FDA Briefing Document

 

Blood Products Advisory Committee Meeting

 

May 1-2, 2008

 

 

 

 

 

 

 

 

 

CinryzeTM (C1-esterase Inhibitor (Human) Nanofiltered (C1INH-nf)

 

 

Lev Pharmaceuticals, Inc.

 

 

 

 

 

 

 

 

 

 

 

 

 

 

 

 

Basil Golding, MD

Division of Hematology

OBRR/CBER/FDA

 


TABLE OF CONTENTS

PAGE

 

1.0       GENERAL INFORMATION                                                                                      3  

 

                        PRODUCT NAME

                        PRODUCT COMPOSITION

                        PROPOSED INDICATION

                        PROPOSED AGE GROUP

                        DOSING REGIMEN AND ROUTE OF ADMINISTRATION

 

                        EXECUTIVE SUMMARY                                                                   5

 

2.0       INTRODUCTION AND BACKGROUND                                                     7

 

2.1       REGULATORY BACKGROUND                                                                  9

 

2.3       BASIS FOR LICENSURE                                                                               10

 

3.0       CLINICAL OVERVIEW                                                                                 13

 

3.1       EFFICACY – PIVOTAL STUDIES                                                                17

 

3.2       IMMUNOGENICITY                                                                                                  24

 

3.3       SAFETY                                                                                                             25

 

3.4       STATISTICAL REVIEW                                                                                  28

 

 

APPENDIX 1             Adverse Events in prior studies                                                  32

APPENDIX 2             Adverse Events in 2005-1 Part A                                               34

APPENDIX 3             Adverse Events in 2005-1 Part B                                               35

APPENDIX 4             Viral Inactivation/Removal                                                         39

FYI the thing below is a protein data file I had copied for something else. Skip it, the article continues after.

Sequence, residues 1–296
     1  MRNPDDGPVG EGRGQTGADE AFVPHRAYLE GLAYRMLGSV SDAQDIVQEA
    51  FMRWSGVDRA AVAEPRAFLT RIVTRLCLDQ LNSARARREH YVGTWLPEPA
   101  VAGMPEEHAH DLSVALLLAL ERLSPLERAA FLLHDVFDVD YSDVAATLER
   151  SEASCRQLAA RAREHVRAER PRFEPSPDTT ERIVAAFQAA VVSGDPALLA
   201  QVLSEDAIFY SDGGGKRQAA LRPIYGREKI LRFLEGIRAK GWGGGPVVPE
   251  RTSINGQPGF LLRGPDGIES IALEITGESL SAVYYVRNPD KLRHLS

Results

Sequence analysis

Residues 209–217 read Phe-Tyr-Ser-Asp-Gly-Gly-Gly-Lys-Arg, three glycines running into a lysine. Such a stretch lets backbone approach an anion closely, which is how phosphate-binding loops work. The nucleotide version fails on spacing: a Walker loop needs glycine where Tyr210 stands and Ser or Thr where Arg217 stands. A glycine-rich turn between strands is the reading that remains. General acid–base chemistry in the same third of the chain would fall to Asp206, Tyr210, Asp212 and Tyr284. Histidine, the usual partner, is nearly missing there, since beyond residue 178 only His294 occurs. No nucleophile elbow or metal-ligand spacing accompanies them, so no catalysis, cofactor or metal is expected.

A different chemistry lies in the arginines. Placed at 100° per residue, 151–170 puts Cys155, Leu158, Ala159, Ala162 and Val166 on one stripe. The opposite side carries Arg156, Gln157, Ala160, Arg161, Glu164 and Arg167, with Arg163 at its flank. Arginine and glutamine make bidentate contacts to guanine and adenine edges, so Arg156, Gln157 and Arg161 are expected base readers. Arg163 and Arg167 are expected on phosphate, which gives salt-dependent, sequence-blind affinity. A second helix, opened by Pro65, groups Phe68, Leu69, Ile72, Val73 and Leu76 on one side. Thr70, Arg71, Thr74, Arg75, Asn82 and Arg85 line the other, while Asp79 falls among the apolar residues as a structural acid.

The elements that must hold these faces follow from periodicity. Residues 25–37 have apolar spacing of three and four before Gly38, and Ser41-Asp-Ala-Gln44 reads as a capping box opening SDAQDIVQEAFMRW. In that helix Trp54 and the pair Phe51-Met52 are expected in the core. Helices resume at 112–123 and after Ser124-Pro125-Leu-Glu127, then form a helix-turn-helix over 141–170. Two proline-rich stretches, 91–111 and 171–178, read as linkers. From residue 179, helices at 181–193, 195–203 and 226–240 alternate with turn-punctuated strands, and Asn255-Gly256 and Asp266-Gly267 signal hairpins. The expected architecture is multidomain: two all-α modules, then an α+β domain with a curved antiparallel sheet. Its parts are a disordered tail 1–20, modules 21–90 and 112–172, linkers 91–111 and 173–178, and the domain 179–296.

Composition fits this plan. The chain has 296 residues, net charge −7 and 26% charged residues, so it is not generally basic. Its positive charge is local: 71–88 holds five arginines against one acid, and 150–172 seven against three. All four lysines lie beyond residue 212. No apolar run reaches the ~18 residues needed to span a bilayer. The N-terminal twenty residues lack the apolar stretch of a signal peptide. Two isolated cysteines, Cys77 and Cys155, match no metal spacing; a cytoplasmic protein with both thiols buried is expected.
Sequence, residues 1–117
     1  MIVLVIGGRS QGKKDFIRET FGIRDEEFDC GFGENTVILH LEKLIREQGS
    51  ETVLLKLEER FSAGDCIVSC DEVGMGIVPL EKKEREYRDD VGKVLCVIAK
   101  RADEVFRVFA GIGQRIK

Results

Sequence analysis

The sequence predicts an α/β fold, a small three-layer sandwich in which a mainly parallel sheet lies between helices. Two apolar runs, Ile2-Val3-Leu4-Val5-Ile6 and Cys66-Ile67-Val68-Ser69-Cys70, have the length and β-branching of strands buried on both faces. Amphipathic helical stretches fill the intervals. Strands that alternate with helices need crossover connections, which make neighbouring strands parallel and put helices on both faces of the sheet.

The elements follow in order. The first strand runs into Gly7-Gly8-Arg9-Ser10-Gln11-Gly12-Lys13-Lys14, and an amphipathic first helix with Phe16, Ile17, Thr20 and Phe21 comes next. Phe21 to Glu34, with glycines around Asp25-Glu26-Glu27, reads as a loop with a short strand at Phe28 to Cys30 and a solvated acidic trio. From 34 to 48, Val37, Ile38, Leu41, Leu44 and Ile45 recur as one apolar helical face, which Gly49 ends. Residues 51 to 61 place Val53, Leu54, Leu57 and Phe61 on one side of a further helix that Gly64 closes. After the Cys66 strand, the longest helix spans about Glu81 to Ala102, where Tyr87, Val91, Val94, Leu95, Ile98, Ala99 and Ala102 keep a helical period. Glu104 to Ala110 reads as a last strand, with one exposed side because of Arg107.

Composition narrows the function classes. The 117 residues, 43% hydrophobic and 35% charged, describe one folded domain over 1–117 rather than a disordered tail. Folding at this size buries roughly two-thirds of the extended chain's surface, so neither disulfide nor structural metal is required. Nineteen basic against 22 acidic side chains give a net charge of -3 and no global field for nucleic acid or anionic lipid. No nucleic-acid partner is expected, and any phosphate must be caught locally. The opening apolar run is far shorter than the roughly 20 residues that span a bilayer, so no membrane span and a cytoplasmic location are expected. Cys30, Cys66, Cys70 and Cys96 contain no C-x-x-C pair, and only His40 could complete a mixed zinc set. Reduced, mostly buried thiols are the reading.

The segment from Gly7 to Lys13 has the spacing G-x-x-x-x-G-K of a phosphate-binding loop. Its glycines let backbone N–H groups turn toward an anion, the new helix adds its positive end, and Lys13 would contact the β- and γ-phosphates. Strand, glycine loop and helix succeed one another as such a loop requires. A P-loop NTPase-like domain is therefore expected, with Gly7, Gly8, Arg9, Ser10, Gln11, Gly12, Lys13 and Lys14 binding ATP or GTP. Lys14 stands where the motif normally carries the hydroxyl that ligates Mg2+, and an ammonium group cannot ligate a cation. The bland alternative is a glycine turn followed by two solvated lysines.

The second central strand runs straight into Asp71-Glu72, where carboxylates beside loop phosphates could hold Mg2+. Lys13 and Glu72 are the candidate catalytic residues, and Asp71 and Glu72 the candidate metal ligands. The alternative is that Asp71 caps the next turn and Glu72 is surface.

1.0              GENERAL INFORMATION

 

 

Product name

 

Established name:                   C1-esterase Inhibitor (Human)  Nanofiltered (C1INH-nf)

 

Proposed trade name:             CinryzeTM

 

Product composition (from the Applicant’s proposed label):

 

CinryzeTM is a sterile, stable, lyophilized preparation of highly purified C1 inhibitor derived from human plasma.  Cinryze is manufactured from human plasma purified by a combination of filtration and chromatographic procedures. The specific activity of Cinryze is ≥ 4.0 U/mg. The purity is

≥ 90% human C1 inhibitor. Following reconstitution with 5 mL of Sterile Water for Injection, USP, each vial contains approximately 500 U of functionally active C1 inhibitor.  It has a pH between 6.6 and 7.4 and an osmolality between 200 - 400 mosmol/kg. One Unit (U) of Cinryze corresponds to the mean quantity of C1 inhibitor present in 1 mL of normal fresh plasma.

 

The manufacturing process for Cinryze includes processing steps designed to reduce the risk of viral transmission. Screening against potentially infectious agents begins with the donor selection process and continues throughout plasma collection and plasma preparation. Each individual source plasma donation used in the manufacture of Cinryze is collected only at FDA-approved blood establishments and is tested by FDA licensed serological tests for Hepatitis B Surface Antigen (HBsAg), and for antibodies to Human Immunodeficiency Virus (HIV-1/HIV-2) and Hepatitis C Virus (HCV). Additionally, all plasma used in the manufacture of this product was tested by FDA-licensed Nucleic Acid Tests (NAT) for HCV and HIV-1 and found to be non-reactive (negative).

 

Two dedicated, independent and effective viral reduction steps are employed in the manufacture of Cinryze: heat treatment at 60°C for 10 hours in an aqueous solution with stabilizers, and nanofiltration through two sequential 15 nm Planova filters. These viral reduction steps, along with a step in the manufacturing process, PEG precipitation, have been validated in a series of in vitro experiments for their capacity to inactivate/remove a wide range of viruses of diverse physicochemical characteristics including: Human Immunodeficiency Virus (HIV), Hepatitis A Virus (HAV), and the following model viruses: Bovine Viral Diarrhea Virus (BVDV) as a model virus for HCV, Canine Parvovirus (CPV) as a model virus for Parvovirus B19, and Pseudorabies Virus (PRV) as a model virus Hepatitis B Virus (HBV).